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Apr 20, 2011

Here’s a sobering but not all that surprising stat: only a third of workers (31 percent) say they are engaged in their job, and 17 percent admit that they are actively disengaged.

Frankly, after all we’ve heard about unhappy workers who are ready to bolt for another job as the economy improves, I’m surprised that these numbers aren’t a lot worse. But that’s what comes from a new study titled Employee Engagement Report 2011 by global consulting firm BlessingWhite.

Conducted from July through October 2010, the Employee Engagement Report explores workplace attitudes among employees on four continents (27 percent in North America) and is based on survey responses of nearly 11,000 employed professionals.

Here are some of the report’s key findings:

Employee Engagement Report highlights

  • Fewer than 1 in 3 employees worldwide (31 percent) are Engaged. Nearly 1 in 5 (17 engaged) are actually Disengaged. Engagement levels vary by region from a high of 37 percent in India to a low of 17 percent in China. In North America, 33 percent are Engaged and 18 percent Disengaged.
  • Despite the economic recession, engagement levels around the world remained roughly stable when comparing early 2008 and mid-2010.
  • More employees are looking for new opportunities outside their organization than they were in 2008, suggesting that 2011 will be a challenging year for retention (and a hot market for firms looking to attract top talent).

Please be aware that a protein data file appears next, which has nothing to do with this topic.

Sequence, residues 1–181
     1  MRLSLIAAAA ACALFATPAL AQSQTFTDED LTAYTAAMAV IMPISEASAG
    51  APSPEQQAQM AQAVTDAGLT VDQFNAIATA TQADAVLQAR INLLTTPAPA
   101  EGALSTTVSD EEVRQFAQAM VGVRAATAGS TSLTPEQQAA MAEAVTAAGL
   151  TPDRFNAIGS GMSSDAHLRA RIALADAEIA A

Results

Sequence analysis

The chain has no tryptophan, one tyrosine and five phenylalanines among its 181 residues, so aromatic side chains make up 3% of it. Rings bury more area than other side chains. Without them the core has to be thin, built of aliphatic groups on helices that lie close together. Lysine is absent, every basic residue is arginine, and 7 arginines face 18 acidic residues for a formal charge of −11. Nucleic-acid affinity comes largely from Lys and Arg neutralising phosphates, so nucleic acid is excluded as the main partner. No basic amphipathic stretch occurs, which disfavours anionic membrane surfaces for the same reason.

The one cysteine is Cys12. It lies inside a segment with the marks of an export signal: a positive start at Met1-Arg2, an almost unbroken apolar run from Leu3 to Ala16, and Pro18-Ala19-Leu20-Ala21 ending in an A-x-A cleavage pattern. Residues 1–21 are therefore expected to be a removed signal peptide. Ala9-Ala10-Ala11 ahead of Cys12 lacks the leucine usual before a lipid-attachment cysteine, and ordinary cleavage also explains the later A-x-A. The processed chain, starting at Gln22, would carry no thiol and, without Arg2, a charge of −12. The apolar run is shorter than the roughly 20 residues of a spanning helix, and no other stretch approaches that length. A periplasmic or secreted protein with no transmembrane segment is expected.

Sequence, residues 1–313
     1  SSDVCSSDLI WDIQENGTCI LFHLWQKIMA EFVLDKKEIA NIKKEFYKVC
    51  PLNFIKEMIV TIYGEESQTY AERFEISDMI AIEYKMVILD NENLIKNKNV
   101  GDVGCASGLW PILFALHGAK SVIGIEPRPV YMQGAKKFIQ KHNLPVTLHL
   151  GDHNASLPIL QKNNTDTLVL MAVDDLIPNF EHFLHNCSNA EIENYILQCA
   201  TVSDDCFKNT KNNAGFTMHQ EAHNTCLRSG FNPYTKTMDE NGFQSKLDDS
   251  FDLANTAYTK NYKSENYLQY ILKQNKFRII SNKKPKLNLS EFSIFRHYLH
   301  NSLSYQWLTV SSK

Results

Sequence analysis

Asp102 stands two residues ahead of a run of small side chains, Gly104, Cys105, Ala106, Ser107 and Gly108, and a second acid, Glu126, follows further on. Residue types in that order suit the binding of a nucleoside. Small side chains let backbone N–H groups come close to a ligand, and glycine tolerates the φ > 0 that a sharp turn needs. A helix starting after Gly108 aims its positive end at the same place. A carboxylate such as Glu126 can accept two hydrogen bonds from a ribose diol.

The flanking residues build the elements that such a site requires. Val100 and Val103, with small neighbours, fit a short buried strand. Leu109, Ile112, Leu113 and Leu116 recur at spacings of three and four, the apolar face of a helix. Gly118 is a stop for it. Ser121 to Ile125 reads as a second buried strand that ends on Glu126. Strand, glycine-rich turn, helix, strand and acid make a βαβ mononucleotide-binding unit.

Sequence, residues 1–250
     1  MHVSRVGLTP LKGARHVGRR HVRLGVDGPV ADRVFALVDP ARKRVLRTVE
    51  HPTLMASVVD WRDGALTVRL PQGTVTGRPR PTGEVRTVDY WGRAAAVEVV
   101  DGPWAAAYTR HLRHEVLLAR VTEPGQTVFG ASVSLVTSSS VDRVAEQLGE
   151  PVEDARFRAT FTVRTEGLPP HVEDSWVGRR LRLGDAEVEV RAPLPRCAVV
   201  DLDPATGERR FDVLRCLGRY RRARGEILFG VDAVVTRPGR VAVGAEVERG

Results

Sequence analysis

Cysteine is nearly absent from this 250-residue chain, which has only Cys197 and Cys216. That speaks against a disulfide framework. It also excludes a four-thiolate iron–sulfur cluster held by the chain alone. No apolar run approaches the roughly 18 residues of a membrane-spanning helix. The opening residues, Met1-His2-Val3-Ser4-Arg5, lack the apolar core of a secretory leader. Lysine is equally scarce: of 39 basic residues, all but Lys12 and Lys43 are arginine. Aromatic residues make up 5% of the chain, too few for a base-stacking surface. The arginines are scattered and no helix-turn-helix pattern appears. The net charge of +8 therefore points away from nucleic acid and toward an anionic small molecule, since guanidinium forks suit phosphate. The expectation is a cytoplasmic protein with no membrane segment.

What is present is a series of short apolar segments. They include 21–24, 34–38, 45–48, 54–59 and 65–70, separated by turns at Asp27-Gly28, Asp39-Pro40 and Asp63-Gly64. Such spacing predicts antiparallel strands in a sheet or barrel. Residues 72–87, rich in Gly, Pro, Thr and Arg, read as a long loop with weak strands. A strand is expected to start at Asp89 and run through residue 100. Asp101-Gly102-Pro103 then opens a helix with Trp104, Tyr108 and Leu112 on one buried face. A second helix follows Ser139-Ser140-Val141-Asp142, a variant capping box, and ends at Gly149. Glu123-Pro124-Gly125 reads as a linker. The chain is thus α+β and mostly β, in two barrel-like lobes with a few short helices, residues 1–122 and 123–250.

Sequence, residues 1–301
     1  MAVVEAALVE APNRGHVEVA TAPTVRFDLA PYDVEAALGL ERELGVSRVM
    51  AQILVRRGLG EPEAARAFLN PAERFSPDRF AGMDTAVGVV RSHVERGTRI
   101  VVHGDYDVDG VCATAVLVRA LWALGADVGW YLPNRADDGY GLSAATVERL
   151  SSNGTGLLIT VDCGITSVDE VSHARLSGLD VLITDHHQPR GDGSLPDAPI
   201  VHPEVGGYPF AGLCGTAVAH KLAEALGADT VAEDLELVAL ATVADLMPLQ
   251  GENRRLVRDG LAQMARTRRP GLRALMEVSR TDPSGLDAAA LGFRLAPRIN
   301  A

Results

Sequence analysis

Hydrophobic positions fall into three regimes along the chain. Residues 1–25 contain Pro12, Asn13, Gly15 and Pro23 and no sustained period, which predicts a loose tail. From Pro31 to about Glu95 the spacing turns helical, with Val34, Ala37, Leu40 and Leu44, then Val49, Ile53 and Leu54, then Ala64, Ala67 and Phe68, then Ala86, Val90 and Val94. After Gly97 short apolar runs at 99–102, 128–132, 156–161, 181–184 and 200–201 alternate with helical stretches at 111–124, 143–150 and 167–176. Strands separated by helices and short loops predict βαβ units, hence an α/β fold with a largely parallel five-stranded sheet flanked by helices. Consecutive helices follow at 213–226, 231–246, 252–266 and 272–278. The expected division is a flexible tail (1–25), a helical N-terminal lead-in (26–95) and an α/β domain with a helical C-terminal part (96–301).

• Consistent with the 2008 findings, there is a strong correlation between engagement levels and age, role/level, and tenure in the organization. Older employees and people in positions of power and authority are most likely to be Engaged. So are long-term employees (7 plus years with an organization). Employees who work in departments closest to strategy decisions and customer relationships tend to be more Engaged as well.
  • Engaged employees plan to stay for what they give; the Disengaged stay for what they get, suggesting that organizations can benefit from a targeted retention strategy.
  • Employees worldwide view opportunities to apply their talents, career development, and training as top drivers of job satisfaction. When it comes to contribution, their needs vary considerably, reflecting their circumstances (e.g., region, age, function, engagement level).
  • Trust in executives can have more than twice the impact on engagement levels than trust in immediate managers does. However, consistent with past studies, employees are more likely to trust their immediate managers than the executives in their organization.
  • Managers are not necessarily doing the things that matter most. The actions that corrrelate the most with high engagement are not always the ones that receive the most favorable ratings. And in some regions relationships trump skills, that is, employees’ knowledge of their managers as “people” behind their titles appears to impact engagement levels more than manager actions